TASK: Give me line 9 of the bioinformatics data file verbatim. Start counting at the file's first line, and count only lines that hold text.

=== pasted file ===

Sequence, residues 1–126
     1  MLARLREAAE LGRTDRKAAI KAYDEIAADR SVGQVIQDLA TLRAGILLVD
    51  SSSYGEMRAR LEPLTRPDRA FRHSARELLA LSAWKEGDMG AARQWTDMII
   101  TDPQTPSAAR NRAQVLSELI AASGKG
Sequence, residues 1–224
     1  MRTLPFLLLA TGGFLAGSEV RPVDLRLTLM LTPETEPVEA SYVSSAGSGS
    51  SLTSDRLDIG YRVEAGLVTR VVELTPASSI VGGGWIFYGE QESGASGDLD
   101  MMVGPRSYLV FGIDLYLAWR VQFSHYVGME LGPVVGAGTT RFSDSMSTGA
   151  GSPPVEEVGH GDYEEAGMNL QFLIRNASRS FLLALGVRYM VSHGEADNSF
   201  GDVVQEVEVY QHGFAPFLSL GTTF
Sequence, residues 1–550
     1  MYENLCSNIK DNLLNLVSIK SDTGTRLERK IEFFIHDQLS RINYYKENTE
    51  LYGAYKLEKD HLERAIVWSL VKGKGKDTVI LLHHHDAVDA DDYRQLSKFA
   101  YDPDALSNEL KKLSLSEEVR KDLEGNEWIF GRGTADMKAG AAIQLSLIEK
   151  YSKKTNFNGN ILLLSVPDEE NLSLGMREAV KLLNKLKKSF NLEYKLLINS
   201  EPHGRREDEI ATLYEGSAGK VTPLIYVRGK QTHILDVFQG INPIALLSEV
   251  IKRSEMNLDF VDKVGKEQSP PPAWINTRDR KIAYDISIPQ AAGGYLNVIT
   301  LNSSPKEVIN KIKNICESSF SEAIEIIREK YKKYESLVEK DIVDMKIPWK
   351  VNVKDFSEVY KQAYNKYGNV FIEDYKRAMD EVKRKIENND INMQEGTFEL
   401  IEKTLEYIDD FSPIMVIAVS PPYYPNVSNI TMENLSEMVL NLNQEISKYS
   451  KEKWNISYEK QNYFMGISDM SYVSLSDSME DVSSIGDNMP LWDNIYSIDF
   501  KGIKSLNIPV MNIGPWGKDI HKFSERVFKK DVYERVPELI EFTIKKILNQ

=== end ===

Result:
   151  GSPPVEEVGH GDYEEAGMNL QFLIRNASRS FLLALGVRYM VSHGEADNSF